Metastatic Colon & Rectal Cancer
Metastatic colorectal cancer to the liver & liver metastasis, Contact Dr. Sucandy
The liver is the most common location for tumor metastasis from other organs. The most common cancers that metastasized to the liver are colon and rectal cancer, followed by pancreatic, neuroendocrine, soft tissue sarcoma, breast, stomach, esophageal, melanoma, renal cell carcinoma, ovarian, and uterine cancers. For colon and rectal cancer, the venous drainage follows superior and inferior mesenteric veins which drain into the portal vein and subsequently into the liver.
Cancer cells from colon and rectal cancer are shed into the mesenteric venous blood stream and they can be found in the portal vein. The right lobe of the liver receives slightly higher number of metastasis, when compared to the left lobe. Liver biopsy either percutaneously or surgically is often performed to confirm the diagnosis.
Approximately 50% of patients with colon and rectal cancer develop liver metastasis. Eventhough cancer has spread to the liver (stage IV disease), the condition is often still curable with liver resection and or microwave/radiofrequency ablation, in addition to systemic chemotherapy treatment. Without treatment, median survival of colorectal cancer liver metastasis is only about 12 months. With systemic chemotherapy only, the median survival is prolonged to about 2 years.
When liver resection and radiofrequency ablation are added into this treatment pathway, median survival significantly increases, with 5-year overall survival as high as 70% (instead of 5-year overall survival of 0% without liver resection). The clear survival advantage/benefit for patients receiving liver resection in addition to systemic chemotherapy has transformed liver resection to be the standard of care for treatment of colorectal liver metastasis.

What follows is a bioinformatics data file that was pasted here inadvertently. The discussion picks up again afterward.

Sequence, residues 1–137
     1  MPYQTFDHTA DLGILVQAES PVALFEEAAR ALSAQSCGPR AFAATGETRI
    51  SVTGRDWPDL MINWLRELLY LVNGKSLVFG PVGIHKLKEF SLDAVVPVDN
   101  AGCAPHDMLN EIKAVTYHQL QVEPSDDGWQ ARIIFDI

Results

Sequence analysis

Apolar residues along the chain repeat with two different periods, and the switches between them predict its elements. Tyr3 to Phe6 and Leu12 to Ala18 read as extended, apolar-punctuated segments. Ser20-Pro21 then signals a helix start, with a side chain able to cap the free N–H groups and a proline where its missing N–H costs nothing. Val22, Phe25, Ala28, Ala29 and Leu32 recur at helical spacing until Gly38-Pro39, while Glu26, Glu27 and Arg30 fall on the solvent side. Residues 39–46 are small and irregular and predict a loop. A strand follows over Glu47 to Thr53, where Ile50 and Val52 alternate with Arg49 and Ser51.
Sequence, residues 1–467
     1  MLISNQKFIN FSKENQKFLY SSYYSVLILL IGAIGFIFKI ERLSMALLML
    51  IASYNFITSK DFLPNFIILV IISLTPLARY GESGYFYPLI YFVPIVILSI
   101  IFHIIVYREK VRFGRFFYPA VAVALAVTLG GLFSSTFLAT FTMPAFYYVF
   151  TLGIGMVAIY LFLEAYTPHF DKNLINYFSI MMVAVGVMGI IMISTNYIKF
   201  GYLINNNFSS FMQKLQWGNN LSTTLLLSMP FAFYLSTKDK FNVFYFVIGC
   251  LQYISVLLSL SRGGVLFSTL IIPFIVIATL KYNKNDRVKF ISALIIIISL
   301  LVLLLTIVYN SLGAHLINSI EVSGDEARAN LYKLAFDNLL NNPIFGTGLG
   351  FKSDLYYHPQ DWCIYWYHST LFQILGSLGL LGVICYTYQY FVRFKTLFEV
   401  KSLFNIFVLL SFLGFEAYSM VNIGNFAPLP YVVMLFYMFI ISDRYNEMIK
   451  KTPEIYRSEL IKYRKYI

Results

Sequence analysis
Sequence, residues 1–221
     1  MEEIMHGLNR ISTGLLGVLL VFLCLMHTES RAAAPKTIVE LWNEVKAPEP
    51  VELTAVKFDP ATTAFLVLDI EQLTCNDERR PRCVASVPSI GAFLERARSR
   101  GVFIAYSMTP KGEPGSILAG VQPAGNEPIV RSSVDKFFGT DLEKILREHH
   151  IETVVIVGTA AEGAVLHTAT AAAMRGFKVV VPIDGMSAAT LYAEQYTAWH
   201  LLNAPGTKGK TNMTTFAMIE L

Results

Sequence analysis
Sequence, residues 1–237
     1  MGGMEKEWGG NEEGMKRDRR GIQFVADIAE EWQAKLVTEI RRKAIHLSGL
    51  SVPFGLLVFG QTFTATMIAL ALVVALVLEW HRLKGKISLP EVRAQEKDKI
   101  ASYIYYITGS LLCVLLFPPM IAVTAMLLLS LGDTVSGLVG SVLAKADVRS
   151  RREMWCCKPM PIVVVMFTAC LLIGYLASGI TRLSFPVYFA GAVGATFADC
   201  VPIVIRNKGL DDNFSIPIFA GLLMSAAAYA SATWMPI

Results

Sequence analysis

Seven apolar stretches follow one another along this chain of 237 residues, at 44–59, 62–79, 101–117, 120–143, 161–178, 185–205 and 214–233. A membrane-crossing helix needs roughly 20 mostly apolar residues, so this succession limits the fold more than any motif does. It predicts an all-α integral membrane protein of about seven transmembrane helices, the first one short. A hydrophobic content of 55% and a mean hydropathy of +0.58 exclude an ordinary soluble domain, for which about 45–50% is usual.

In order to achieve a long overall survival and best oncologic outcome, any colorectal liver metastasis should be resected, whenever technically feasible. Systemic chemotherapy is then administered after the liver surgery to decrease the likelihood of tumor recurrence, both intra and extrahepatically. Most colorectal liver metastases are multiple and they may involve both right and left liver lobes. Currently, there is no maximum number of liver lesions that can be resected as long as adequate future liver remnant volume can be preserved. Combination of liver resection and microwave/radiofrequency ablation is often applied to preserve as much as normal liver parenchyma as possible.
This decision is made by a liver surgeon preoperatively and confirmed intraoperatively after a systematic ultrasonic examination of the liver. This is why, experience in liver surgery is important to achieve best outcomes. For patient with multiple liver metastases, sometimes a 2- stage liver resection is indicated to avoid postoperative liver failure. In the first stage, one lobe of the liver is cleared from any tumors with liver resection, followed by a contralateral (opposite side) portal vein embolization/ligation to induce future liver remnant hypertrophy. After about 3-6 weeks, a CT scan is conducted to measure the volume of liver remnant hypertrophy. The second stage is then began with a formal liver resection of the deportalized lobe, removing the remainder of the colorectal liver metastases. Liver transplant surgery is not offered for this disease due to poor outcome.